“In many ways, Colin Montgomerie is the European Tour,” European Tour Chief Executive George O’Grady said. “He brought drive, passion and commitment to the game, but more than anything, he brought leadership.”
Montgomerie never won a major championship, but he was a Ryder Cup star.
“The Ryder Cup is really Europe’s second major,” Schofield said.
With a stellar 20-9-7 record, Montgomerie helped Europe win five of the eight Ryder Cups in which he played. He was never beaten in singles (6-0-2).
“I hate to lose,” Montgomerie said in his Hall of Fame news conference before the ceremony. “I had a dramatic fear of losing.”
Despite all his success as a player, Montgomerie said his proudest achievement was leading Europe to a Ryder Cup victory as the team captain at Celtic Manor in 2010.
Venturi, 81, won 14 PGA Tour titles with the highlight of his career coming in his victory at the U.S. Open at Congressional in 1964. In 100-degree temperatures, with heat exhaustion plaguing him, Venturi staggered to the win over 36 holes on the final day. He would make another mark on the game as a CBS golf analyst for 35 years.
Unable to attend the induction ceremony, Venturi is recovering from surgery and an infection in his spine. He is hospitalized in Palm Springs, Calif. Nantz spoke for Venturi.
“I love Ken Venturi as a friend and a mentor, and I'm heartbroken he's not standing here right now,” Nantz said. “I think most people know, Kenny has been ill for some time now. He's been in the hospital out in Palm Springs for two months. However, I'm going to tell you, the prognosis is still good. He can get through this. I really believe it in my heart.”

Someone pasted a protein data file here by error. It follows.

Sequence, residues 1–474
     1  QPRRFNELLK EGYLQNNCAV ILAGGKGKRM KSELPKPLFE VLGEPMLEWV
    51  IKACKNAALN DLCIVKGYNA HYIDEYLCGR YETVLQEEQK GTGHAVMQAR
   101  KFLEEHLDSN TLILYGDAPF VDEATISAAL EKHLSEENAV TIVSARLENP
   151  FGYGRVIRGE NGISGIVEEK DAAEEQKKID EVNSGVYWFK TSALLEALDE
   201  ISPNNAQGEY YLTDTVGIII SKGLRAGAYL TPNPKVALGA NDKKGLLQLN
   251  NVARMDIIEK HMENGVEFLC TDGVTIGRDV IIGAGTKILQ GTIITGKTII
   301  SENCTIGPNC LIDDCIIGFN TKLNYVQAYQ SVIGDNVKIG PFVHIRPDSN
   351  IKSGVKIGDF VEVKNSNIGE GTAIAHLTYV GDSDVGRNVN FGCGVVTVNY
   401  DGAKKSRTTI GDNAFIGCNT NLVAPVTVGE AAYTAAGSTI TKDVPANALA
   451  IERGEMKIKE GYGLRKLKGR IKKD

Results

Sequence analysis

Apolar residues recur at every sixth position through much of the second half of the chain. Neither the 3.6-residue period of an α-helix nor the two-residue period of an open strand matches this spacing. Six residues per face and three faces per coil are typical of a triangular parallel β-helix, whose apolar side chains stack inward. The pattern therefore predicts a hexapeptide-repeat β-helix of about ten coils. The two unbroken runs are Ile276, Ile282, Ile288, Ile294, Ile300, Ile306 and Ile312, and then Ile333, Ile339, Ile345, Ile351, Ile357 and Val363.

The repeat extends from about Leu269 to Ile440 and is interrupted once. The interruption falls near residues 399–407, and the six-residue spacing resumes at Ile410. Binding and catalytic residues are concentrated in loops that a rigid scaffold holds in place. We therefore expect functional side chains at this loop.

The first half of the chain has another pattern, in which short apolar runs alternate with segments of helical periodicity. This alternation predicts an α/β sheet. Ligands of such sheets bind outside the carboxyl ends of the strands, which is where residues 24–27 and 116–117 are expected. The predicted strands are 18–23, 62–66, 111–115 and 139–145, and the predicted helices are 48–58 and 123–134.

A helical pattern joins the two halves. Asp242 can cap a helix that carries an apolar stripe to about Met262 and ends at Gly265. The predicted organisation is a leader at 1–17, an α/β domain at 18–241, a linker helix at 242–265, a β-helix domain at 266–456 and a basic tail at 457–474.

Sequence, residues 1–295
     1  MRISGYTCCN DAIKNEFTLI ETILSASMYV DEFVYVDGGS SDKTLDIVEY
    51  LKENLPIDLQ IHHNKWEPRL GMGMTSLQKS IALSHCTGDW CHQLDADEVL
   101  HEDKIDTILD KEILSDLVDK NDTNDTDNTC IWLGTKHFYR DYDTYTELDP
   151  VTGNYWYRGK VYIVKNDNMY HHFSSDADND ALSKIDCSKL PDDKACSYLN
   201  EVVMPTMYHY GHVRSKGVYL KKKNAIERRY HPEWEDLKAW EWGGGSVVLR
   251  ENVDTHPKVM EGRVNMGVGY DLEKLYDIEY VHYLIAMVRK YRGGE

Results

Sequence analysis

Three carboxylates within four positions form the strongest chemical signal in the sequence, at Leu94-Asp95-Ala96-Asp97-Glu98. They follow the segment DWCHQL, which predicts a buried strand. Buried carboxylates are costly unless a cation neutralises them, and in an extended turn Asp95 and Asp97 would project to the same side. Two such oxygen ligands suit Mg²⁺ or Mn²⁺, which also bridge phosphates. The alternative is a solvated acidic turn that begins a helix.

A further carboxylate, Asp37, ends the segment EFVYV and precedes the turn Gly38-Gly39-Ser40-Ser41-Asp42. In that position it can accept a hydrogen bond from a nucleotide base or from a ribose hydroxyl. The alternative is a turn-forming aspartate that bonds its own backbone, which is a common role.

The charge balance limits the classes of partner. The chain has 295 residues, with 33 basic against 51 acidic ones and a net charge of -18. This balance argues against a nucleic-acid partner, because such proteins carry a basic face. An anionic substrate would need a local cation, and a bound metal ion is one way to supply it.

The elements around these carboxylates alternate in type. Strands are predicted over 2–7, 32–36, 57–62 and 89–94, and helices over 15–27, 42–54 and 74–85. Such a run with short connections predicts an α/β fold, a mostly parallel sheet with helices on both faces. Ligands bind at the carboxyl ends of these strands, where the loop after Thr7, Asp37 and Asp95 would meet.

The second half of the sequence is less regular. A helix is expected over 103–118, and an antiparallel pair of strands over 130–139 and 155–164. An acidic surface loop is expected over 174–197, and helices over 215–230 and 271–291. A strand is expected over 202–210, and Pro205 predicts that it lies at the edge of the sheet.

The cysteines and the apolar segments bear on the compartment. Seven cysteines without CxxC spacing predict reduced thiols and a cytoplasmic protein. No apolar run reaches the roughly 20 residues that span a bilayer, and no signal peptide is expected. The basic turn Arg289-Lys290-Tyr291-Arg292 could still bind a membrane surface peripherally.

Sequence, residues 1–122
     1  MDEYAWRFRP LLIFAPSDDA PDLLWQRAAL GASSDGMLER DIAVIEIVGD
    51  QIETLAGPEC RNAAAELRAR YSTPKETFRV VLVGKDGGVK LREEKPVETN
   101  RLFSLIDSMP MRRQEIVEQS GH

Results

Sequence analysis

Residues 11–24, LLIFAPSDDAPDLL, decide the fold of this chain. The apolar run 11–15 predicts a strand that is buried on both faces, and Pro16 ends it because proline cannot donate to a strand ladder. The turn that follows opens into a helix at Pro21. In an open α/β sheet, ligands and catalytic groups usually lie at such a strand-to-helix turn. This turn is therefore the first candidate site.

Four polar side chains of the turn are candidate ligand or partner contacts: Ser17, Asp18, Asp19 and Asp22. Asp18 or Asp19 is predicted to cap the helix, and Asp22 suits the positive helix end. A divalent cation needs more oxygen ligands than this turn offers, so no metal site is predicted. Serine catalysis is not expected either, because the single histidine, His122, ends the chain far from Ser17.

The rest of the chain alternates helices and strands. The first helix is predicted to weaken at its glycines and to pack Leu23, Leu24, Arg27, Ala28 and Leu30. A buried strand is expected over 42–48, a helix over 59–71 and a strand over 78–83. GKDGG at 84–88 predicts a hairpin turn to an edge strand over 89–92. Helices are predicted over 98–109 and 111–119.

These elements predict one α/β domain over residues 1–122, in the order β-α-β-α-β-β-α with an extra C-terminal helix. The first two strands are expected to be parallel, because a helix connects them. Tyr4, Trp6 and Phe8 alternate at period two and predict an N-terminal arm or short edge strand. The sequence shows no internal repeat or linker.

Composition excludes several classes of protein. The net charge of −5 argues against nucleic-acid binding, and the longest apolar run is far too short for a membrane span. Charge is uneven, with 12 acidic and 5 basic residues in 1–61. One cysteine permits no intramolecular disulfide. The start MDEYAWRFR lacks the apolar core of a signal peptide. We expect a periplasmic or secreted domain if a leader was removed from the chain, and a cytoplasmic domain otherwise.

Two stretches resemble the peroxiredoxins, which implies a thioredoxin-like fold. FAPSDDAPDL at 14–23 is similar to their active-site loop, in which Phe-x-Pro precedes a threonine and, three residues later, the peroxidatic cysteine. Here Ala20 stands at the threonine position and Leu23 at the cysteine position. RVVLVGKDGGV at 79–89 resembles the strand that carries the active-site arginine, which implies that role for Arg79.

Venturi’s son, Matt, said his father is eager to accept a World Golf Hall of Fame offer to make his speech next year.
Schofield, 67, one of three Scots inducted Monday, became the European Tour’s executive director in 1975 and reigned until 2004, a time of unprecedented growth for the tour. When Schofield came aboard, the European Tour schedule featured just 17 events. There were 45 on the schedule when he retired. He also oversaw the creation of the European Challenge Tour and the European Senior Tour.
Schofield also steered the European Tour toward global expansion, opening doors that would lead the tour to Africa and Asia. Schofield took the tour off the continent for the first time in 1982 with the start of the Tunisian Open.
“To be nominated through the lifetime achievement category into the Hall is the proudest moment of my professional career,” Schofield said.
Park Jr., a Scot who died in 1925, won the British Open twice. He’s the son of World Golf Hall of Famer Willie Park Sr., who won four British Opens, including the inaugural championship in 1860. A pioneer in club and ball design, Park Jr. made his mark beyond that of a player. He was also an architect and writer.
“Think families, and you think of Davis Love, father and son; the Harmons, Claude and his precocious progeny,” said John Hopkins, The Times of London golf writer who presented Park for the family. “You think of the Allisses, Percy and Peter. Perhaps you think of Old and Young Tom Morris and Willie Park Sr. and Jr., the Montagues and the Capulets of their time, at least as far as their rivalries were concerned.
“The Morrises won more Opens than the Parks, eight to six, but in challenge matches between the two families, it was the Parks who gained the upper hand.”